coal plant in Germany by mine

Germany – where coal still comes first

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It’s home to 69 huge coal plants, with another in the making.

Hundreds of square kilometres of mines occupy the land, still expanding as coal companies continue to feed giant power plants.

People are being bought out of their homes against their will to make way for the bulldozers. Corporations are taking legal action against those who speak out against them.

This isn’t a description from last century – this is happening in 2019, in economic powerhouse Germany.

But isn’t Germany a climate hero?

Germany’s carefully maintained image as a country on top of the climate problem has been subject to some overdue scrutiny in the last year.

The nation scrambled to rid itself of nuclear in the wake of Fukushima, but overlooked its addiction to hazardous coal-burning. Germany is home to roughly a third of the EU’s entire coal fleet.

On the train through North-Rhine Westphalia, you can see plants billowing fumes from the windows.

Environment problems are people problems

Meanwhile, people living in coal’s path are being sacrificed. Little by little, villages are dismantled and their inhabitants relocated until all that remains of the settlements are their GPS marker.

The eviction of campaigners who’d lived for years in treehouses in the Hambach Forest drew international attention, as mining companies held fast to their intention to destroy the ancient woodland.

Historic churches are being torn down, family homes crushed and businesses closed as immense diggers move in.

In villages like Pödelwitz, Muhlrose, Keyenberg, Kuckum and Proschim – and plenty more besides – people threatened with forced eviction are campaigning to stop RWE and other companies stealing their futures. We stand behind them in their fight.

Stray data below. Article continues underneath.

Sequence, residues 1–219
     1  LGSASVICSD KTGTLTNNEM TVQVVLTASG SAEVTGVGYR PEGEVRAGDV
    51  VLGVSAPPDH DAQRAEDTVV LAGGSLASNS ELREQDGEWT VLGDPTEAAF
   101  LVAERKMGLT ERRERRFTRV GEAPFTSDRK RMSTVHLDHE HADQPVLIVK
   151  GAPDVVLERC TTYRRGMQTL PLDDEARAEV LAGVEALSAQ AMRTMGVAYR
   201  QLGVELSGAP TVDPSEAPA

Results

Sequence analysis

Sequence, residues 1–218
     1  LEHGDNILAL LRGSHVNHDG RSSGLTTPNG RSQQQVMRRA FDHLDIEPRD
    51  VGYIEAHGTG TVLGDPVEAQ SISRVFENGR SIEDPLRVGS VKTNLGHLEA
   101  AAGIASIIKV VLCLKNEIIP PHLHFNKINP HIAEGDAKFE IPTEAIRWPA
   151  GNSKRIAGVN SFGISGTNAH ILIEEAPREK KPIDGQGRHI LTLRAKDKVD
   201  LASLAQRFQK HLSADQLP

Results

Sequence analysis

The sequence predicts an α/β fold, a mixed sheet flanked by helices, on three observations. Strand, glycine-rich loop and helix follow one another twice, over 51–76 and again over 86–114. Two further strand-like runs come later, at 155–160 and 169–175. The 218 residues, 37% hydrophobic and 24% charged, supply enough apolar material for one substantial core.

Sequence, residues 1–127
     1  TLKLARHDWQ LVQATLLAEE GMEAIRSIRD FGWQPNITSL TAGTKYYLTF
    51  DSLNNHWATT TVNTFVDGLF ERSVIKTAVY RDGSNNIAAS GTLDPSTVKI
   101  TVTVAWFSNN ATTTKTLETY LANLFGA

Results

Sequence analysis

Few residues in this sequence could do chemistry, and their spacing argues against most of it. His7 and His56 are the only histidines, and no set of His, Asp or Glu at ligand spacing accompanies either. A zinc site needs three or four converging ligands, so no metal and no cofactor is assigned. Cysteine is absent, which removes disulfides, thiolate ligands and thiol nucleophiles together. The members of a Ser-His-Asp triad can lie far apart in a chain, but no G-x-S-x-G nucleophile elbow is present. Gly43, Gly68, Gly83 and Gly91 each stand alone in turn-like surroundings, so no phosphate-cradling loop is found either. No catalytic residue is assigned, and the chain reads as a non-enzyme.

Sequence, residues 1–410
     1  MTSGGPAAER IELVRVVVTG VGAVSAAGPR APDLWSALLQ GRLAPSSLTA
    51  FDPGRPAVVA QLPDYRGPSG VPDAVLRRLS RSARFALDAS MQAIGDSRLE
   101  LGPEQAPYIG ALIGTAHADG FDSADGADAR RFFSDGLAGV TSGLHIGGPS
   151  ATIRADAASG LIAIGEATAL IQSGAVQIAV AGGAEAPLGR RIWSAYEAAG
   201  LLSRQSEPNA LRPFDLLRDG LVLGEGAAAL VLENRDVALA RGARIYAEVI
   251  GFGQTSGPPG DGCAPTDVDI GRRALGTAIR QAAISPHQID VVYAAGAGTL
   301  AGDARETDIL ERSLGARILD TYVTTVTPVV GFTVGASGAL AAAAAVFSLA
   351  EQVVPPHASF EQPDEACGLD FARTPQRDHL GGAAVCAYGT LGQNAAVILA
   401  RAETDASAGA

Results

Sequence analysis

So when will we move beyond coal?

Coal has fast become the most embarrassing stock to hold – banks, insurers and states are dropping coal investments like a hot potato and they want the world to know.

Yet Germany still doesn’t have an official coal phase-out date. Its ‘coal commission’ finally proposed a compromise end-date of 2038, but the government still hasn’t adopted it. And that means coal companies are gearing up for continued mining and continued burning.

Villages are still in jeopardy; air, water and wildlife are still at risk; and the climate will continue to suffer as the immense carbon burden of these power plants contributes to global climate breakdown.

Germany can do better.

What are ClientEarth’s lawyers doing to transform the system?

Across Europe, we’re holding to account coal companies and the authorities who allow their polluting activities. We take court cases against operators and governments where we need to – and we support communities being broken up by the coal industry to defend themselves.

We’re challenging coal across Europe including in Bulgaria, Romania, Spain, Greece and Poland. Now we are bringing our expertise to Germany.

We’ve teamed up with Greenpeace Germany to draft a phase-out law which will give communities in coal regions certainty of the timetable for shutting Germany’s coal plants. This was published in April.

We’ll keep pushing for a commitment to move the country beyond coal. Coal has a stranglehold on Germany which must be broken.

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